The Voters

“Why the Working Class?” [Jacobin]. The math. And the leverage.

“22) Modern GOP establishment increasingly comfortable being pure legislative party — just as Dem elites comfortable as presidential party. 23) GOP base — especially Trumpists — most definitely NOT comfortable being legislative party.” [@Billmon].

Trump Panic

“Trump’s Week of Errors, Exaggerations and Flat-out Falsehoods” [Politico]. In a truthy political environment that Politico did so much to create.

“[T]his is why Trump is something different and more dangerous in American life. He is a man with an evident appetite for suppressing dissent with violence” [Ezra Klein, Vox]. This is the man who orchestrated a 17-city coordinated paramilitary crackdown on Occupy! Oh, wait…

“What these [leftist] activists have responded to, and taken advantage of, is the hateful rhetoric coming from Mr. Trump since the first days of his campaign” [Wall Street Journal, “Donald Trump’s Rhetoric and the Violence at His Campaign Events”]. The author, Doug Heye, “is a former communications director for the Republican National Committee and deputy chief of staff to then-House Majority Leader Eric Cantor” and so he and Klein — unsurprisingly — are on the same wavelength.

“All three of Trump’s Republican opponents are now convinced (even if some are loath to concede it publicly) that the current front-runner is the only candidate in the field who still has the chance to win the 1,237 delegates that would ensure his nomination in Cleveland. But if Trump is unable in the remaining primaries and caucuses to line up the necessary delegates, the convention will be deadlocked on its first ballot and then have to vote again—and possibly again and again—until a majority emerges” [Bloomberg]. Another version [Politico].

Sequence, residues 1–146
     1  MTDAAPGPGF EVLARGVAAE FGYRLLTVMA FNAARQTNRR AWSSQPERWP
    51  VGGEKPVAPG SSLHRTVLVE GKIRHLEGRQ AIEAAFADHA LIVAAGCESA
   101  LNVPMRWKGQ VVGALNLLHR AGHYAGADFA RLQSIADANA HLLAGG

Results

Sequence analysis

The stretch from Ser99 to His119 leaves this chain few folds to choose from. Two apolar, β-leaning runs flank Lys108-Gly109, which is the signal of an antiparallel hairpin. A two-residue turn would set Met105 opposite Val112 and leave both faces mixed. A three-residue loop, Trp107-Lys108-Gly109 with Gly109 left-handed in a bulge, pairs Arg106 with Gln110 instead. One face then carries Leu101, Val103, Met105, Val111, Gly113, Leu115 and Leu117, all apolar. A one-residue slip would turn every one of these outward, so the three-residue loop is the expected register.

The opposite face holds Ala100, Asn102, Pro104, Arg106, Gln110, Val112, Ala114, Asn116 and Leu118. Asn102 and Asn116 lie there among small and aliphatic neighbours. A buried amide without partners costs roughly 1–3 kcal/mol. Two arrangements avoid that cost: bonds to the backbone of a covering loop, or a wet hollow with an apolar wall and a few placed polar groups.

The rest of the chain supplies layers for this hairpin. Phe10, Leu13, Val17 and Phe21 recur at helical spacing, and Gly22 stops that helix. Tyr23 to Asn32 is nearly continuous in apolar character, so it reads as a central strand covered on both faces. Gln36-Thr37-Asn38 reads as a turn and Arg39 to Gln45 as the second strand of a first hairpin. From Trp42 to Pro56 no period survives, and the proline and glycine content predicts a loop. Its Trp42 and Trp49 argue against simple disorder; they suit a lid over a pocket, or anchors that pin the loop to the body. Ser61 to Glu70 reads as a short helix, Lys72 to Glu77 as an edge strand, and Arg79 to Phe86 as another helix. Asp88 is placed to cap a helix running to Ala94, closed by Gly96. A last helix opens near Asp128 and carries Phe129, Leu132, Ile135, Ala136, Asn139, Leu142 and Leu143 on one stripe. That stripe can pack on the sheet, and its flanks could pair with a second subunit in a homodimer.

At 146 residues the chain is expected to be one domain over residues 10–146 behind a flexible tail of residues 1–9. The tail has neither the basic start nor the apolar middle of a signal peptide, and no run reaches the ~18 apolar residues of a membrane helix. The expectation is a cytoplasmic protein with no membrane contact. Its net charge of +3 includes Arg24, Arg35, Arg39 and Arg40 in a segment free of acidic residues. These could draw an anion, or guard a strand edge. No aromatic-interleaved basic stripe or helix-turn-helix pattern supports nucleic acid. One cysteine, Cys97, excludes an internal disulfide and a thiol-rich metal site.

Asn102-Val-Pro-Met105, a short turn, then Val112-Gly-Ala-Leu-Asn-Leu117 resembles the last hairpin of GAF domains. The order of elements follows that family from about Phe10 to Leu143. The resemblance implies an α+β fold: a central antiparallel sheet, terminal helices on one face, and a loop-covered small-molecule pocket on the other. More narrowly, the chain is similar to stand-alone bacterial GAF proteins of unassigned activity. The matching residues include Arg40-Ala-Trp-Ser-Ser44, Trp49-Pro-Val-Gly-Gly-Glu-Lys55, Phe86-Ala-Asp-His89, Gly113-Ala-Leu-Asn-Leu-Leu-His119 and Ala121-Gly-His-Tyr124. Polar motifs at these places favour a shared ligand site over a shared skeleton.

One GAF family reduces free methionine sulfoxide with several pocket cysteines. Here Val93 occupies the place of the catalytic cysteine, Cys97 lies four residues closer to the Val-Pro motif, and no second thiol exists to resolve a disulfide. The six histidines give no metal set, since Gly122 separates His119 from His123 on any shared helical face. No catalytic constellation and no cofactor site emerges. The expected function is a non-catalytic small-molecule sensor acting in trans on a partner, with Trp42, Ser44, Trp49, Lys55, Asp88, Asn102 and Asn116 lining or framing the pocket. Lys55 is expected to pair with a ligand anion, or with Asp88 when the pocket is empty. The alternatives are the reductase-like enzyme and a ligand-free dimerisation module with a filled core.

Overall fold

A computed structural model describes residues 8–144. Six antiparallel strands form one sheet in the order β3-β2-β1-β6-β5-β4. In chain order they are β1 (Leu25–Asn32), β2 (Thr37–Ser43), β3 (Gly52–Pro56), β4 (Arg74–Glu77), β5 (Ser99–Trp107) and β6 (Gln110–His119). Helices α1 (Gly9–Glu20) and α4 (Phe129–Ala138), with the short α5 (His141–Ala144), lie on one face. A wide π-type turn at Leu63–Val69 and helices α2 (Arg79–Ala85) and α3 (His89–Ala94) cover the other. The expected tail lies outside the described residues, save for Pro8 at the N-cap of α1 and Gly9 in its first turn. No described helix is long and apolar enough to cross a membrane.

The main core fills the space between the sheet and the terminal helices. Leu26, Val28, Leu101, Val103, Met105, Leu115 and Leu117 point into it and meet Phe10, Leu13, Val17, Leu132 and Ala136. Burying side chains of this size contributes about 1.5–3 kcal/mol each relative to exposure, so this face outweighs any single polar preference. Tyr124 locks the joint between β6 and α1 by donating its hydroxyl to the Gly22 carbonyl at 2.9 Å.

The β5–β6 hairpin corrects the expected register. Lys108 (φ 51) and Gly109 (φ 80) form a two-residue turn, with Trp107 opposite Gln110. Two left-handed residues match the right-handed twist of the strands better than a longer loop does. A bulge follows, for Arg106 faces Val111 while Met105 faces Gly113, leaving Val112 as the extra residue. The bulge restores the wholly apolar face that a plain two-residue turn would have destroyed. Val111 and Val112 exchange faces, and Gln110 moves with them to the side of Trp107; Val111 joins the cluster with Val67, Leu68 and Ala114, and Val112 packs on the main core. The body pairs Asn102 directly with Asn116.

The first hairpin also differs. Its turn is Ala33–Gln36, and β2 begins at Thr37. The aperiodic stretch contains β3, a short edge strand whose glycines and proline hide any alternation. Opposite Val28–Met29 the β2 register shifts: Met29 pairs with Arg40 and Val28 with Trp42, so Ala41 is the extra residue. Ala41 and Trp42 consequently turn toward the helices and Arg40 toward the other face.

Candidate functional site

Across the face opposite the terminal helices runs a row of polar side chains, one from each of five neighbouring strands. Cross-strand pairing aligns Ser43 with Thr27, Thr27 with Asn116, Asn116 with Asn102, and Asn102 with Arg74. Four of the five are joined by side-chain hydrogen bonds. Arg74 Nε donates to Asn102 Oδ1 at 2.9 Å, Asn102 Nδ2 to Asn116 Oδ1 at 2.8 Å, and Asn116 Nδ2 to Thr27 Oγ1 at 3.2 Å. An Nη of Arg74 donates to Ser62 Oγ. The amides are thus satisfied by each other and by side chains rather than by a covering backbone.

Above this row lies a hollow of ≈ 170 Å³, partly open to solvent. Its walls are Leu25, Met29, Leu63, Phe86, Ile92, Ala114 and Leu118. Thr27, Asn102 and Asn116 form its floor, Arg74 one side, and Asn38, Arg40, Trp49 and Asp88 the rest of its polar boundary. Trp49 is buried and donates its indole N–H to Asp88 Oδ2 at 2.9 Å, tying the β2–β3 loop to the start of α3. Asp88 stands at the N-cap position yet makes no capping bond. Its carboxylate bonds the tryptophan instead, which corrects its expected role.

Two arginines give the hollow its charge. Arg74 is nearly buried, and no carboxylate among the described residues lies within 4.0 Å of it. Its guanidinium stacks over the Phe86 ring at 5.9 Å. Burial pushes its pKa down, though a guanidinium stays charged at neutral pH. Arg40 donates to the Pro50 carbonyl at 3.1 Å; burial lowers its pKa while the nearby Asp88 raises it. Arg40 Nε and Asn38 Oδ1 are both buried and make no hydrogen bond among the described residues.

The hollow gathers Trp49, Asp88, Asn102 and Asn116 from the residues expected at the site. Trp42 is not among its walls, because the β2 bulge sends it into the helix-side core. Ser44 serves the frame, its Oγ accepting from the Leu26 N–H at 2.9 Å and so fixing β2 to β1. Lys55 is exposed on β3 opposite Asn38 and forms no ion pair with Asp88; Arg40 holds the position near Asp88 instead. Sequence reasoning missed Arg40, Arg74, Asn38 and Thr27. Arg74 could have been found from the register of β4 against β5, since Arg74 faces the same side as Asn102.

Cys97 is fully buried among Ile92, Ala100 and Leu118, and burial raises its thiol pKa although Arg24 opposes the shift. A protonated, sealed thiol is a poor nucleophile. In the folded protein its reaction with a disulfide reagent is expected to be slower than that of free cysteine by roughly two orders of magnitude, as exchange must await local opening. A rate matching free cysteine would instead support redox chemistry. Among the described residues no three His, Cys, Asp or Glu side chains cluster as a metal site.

Clinton pollster Joel Benenson: “‘What’s the evidence [for a Trump Presidential win]? The evidence of it, they’ve turned out a lot of people. I think he’s broken 50 percent in only one state, right? … If you look at the states that Democrats have won … in five out of the last six [presidential contests], it adds up to 257 electoral votes. It means you only need 13 more to get to 270 if we perform that way'” [Politico].

Ohio, Illinois, Missouri, Florida

“Poll-Defying Pattern Predicts Sanders Victory” [HuffPo].

“The top quotes from the Democratic town hall in Ohio” [CNN].

“Clinton Won’t Meet Embattled Mayor Emanuel in Chicago Visit” [Bloomberg]. “The Berniebros send their regards” [@SKRollins].

The Trail